Tuesday, December 20, 2005

FIRST AMENDMENT: 1995 Newshare CDA challenge on pipes vs. content


Newshare Corp./American Reporter censorship statement
Onliners pose triple-barreled challenge to proposed muzzle bill;
Urge congressional reversal, presidential veto and Internet challenge

LOS ANGELES, Calif., Dec. 8, 1995 -- The editor of the nation's first
all-digital daily newspaper threatened on Thursday to deliberately defy
the language of a U.S. House cyberporn proposal if it becomes law, calling
the measure a clear violation of the First Amendment.

And the president of the company which links that digital daily to the
Internet said the measure, if enacted by Congress and signed by President
Clinton, would threaten the future of the Internet as the emerging global
information marketplace.

"The survival of free speech on the Internet is more important than even
the survival of this newspaper, and we will risk its very existence to
fight for a principle in which we fully believe," said Joe Shea,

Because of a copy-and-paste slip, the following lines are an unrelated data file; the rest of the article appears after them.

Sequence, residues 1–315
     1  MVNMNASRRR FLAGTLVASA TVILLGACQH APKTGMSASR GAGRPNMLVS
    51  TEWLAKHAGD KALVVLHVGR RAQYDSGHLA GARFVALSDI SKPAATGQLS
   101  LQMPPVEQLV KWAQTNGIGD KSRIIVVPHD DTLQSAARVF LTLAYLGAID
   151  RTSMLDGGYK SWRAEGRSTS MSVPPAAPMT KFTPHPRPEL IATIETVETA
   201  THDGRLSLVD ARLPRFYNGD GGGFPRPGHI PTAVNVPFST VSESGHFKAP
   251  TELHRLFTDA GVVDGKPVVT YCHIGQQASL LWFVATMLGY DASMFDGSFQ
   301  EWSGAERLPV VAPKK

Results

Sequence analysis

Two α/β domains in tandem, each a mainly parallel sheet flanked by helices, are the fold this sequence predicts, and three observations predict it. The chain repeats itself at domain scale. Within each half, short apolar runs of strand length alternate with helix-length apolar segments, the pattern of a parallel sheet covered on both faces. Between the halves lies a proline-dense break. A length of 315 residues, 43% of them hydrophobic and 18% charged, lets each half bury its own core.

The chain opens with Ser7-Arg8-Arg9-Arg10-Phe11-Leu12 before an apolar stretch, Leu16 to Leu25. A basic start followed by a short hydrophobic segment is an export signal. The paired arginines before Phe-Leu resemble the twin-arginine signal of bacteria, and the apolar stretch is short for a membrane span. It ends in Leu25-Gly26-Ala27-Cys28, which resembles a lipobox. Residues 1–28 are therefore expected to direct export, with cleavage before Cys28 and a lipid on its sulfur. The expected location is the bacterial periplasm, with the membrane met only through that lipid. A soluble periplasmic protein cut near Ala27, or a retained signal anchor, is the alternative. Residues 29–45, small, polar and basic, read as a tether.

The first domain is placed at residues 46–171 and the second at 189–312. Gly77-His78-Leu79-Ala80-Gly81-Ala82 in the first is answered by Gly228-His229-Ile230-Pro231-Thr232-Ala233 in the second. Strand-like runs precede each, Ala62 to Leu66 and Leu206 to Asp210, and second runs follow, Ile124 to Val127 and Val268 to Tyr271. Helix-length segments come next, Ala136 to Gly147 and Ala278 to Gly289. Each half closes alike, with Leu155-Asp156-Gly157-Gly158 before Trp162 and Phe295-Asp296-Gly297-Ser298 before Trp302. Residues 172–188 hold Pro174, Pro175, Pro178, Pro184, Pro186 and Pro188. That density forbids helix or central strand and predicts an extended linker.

Editor-in-Chief of The American Reporter, a 10-month-old daily which is
published only on the Internet and its World Wide Web.

The paper will publish an "indecent" article to be written by Texas
criminal court judge Stephen Russell in order to violate the proposed law,
and then go into court to defend its right to do so under the First
Amendment, Shea said.

Newshare Corp., which has hosted The American Reporter at its web site
since shortly after the daily's inception on April 10, said as the
cyberpaper's common carrier, it would not block Shea's efforts but would
not endorse them either.

"We are akin to a printing press," said Bill Densmore, president of
Newshare, the Internet's first Internet news brokerage. "If we can be held
liable for the publication of protected speech, then how long will it be